Lungworm - The Perfect Storm

Vets from our Waimate clinic were recently called to a farm where 4 calves had died, one calf was recumbent, and about 40 others showed signs of coughing and respiratory distress.  The history was consistent with lungworm, and this was subsequently confirmed on postmortem (see photo below) where large numbers of adult worms were present in the large airways of the calf.  We rarely see clinical lungworm cases, but this case saw a perfect storm; wet weather, long drenching intervals, and calves on the same paddocks for multiple years.

The lungworm lifecycle, much like gastrointestinal worms, revolves around the ingestion of L3 larvae from pasture.  Grazing paddocks which have previously held calves (as in this case) will obviously increase the risk of infection.  However L3's from lungworm are relatively inactive compared to their gastrointestinal cousins, and are incapable of traveling more than 5cm from the cow pats they are carried in.  Instead they rely primarily on a mushroom (P klenii) which grows in the cow pats and bursts to disperse the larvae as far as 3m.  The recent wet warm weather has been perfect mushroom weather, and has therefore increased the risk of lungworm.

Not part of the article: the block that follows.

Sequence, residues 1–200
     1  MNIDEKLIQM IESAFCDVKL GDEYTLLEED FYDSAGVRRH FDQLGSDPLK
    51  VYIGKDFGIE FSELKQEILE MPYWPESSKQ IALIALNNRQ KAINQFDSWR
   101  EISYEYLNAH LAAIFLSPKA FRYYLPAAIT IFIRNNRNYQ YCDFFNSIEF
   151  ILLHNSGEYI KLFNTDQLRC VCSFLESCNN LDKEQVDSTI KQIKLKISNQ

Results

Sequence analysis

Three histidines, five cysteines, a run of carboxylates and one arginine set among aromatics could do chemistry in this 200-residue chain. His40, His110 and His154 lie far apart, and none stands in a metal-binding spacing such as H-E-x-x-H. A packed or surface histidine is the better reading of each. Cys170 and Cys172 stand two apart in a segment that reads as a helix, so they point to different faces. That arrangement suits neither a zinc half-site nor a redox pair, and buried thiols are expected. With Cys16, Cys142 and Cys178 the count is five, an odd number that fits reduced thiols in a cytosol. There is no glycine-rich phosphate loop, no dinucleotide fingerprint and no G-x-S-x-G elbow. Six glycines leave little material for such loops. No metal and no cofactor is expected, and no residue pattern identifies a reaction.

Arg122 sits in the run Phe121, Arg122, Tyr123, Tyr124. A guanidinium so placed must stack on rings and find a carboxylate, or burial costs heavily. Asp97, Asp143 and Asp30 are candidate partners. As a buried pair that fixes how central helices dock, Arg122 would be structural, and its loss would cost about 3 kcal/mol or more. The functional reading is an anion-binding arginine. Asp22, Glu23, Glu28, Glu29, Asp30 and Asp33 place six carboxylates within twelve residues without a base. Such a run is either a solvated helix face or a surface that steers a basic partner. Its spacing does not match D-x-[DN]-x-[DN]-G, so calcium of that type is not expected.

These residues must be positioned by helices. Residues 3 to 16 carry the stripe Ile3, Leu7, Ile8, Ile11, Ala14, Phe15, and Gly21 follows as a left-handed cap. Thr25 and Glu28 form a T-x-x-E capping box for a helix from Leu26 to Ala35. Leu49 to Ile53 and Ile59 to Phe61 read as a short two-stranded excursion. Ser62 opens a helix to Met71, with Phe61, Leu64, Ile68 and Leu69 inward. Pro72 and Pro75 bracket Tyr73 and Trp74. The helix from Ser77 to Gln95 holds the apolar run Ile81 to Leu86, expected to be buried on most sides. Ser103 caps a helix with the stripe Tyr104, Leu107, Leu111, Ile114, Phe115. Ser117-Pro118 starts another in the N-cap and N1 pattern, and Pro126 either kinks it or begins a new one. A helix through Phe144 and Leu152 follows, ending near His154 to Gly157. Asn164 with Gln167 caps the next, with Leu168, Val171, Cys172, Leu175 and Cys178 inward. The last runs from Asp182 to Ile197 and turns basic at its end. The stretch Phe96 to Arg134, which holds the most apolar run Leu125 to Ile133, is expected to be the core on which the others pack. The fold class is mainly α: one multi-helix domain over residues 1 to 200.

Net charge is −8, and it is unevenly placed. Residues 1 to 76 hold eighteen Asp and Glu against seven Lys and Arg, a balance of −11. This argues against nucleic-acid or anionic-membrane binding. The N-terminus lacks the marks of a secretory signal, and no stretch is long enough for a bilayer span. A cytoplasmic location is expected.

A routine drenching programme normally limits lungworm as they are highly susceptible to anthelmintics.  In particular pour-on abamectin compounds (such as Eclipse) have a persistence efficacy of over 14 days.  In this case, in an effort to reduce costs the farmer used an oral abamectin/levamisole drench 8 weeks apart.  We traditionally recommend 4 weeks between oral drenches and up to 6 weeks for pour-on products at this time of year.

This case highlights the need to be aware of drenching intervals in young stock, particularly with the warm, wet weather we were experiencing.  As in all diseases prevention is much better than cure.  In this case the farmer has lost 4 calves, has another 40 severely compromised, and the whole mob will have reduced growth rates - severely outweighing the cost of an extra drench.  Talk to your Prime Vet about a Young Stock Health Plan if you don't already have one in place.